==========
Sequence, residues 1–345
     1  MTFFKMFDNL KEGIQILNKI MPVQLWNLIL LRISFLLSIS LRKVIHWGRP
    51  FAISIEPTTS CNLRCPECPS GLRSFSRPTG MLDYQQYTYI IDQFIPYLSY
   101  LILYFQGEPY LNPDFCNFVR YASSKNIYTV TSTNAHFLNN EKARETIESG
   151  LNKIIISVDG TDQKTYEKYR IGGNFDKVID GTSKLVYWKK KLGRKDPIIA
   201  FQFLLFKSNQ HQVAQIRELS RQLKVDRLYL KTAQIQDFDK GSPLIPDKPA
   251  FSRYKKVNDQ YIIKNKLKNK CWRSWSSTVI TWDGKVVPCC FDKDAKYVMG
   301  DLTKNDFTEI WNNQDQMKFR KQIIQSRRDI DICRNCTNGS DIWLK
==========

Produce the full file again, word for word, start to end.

Sequence, residues 1–345
     1  MTFFKMFDNL KEGIQILNKI MPVQLWNLIL LRISFLLSIS LRKVIHWGRP
    51  FAISIEPTTS CNLRCPECPS GLRSFSRPTG MLDYQQYTYI IDQFIPYLSY
   101  LILYFQGEPY LNPDFCNFVR YASSKNIYTV TSTNAHFLNN EKARETIESG
   151  LNKIIISVDG TDQKTYEKYR IGGNFDKVID GTSKLVYWKK KLGRKDPIIA
   201  FQFLLFKSNQ HQVAQIRELS RQLKVDRLYL KTAQIQDFDK GSPLIPDKPA
   251  FSRYKKVNDQ YIIKNKLKNK CWRSWSSTVI TWDGKVVPCC FDKDAKYVMG
   301  DLTKNDFTEI WNNQDQMKFR KQIIQSRRDI DICRNCTNGS DIWLK